Mental health and the pandemic

Writing is my therapy. I am not a mental health clinician. I am just a surgeon who grapple with these issues within myself, my colleagues and the patients I see daily. Many of you are much more experienced and better trained to speak into this space. I will not do justice in this blogpost to the breadth, depth and complexity of the spectrum of human mental health conditions. We will never be able to delineate and break things into neat compartments, because we’re humans and that’s what makes us unique.

The words “mental health” have been used a lot during this pandemic. Sometimes to the point of being used as a political weapon. When I ponder and meditate on my big emotions during this pandemic, I realise that there are differences between stress, exhaustion, burnout, moral distress, compassion fatigue & mental illness. What do I mean?


Stress is a natural physiological and psychological response to a challenge. Work is stressful. COVID is stressful. School is stressful. Weightlifting is episodic stress on muscles to build muscle resilience. Life is full of stresses. There is a spectrum of normal stress. Some stress is good for you. Exam stress and work stress train your mind to excel.


Exhaustion is a natural physical side effect of working hard. Training and exercise, long working hours, consecutive shifts, lack of breaks, prolonged exercise, etc all result in physical exhaustion. It’s normal to be exhausted after a marathon at work. You can be exhausted, but be absolutely satisfied as I often experience after a whole day of operating.


Burnout is an occupational psychological state characterised by cynicism/disengagement, emotional exhaustion and lack of efficacy. This is often due to poor work environment or toxic workplace culture. You can be stressed and exhausted, but be happy at work and not burned out. Similarly, you can be burned out in a low productivity job if there was significant prolonged negative culture.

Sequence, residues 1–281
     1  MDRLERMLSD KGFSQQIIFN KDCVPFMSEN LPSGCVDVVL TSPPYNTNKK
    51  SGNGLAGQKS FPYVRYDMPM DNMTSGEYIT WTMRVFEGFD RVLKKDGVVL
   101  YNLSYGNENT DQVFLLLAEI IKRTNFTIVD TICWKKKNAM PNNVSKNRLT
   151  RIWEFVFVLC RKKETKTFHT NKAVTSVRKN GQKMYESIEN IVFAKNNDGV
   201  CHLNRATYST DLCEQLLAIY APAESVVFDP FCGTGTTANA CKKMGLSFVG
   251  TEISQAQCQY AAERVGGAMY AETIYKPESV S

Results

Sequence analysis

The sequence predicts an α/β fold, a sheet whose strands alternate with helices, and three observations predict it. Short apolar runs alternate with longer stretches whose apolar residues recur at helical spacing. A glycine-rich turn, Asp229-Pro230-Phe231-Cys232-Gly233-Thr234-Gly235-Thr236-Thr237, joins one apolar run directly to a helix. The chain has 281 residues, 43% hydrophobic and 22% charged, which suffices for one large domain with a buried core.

Moral distress

Moral distress (moral injury or anguish) is the state of knowing the right thing to do but the inability to do it because of restrictions. You want to help a patient, but you can’t because there’s no ICU bed is moral distress. Not burnout. Needing PPE but having none is moral distress. Knowing the horrible state of affairs in your institution but being unable to change it is moral injury. Seeing a patient needing oxygen but being unable to offer higher level of respiratory support is moral injury.

Compassion fatigue

Compassion fatigue is a condition characterized by emotional and physical exhaustion leading to a diminished ability to empathize or feel compassion for others, often described as the negative cost of caring. Sometimes referred to as secondary traumatic stress. This is many of us who have seen hundreds of COVID patients turn up in Emergency, ward or ICU. We plug them on oxygen and we move on to the next one without compassion because we know the next patient just needs the same thing again and again.

Mental illness

Mental illness is a medical/psychiatric condition with strict categorical definition based on DSM-V and ICD10. This is a diagnosis made by a mental health professional or a GP/Family Physician much like other medical conditions. I cannot define depression, anxiety, PTSD for you. It is the domain of the GP and mental health professional.


Of course, the above experiences are all valid and interconnected. You can be stressed without having compassion fatigue. You can be diagnosed with depression and not have burnout. You can be burned out but not have moral distress. They are different shades of the human experience. COVID is stressful for all. Health care workers are experiencing stress, exhaustion, moral distress, compassion fatigue, burnout and some even reach a diagnosis of depression.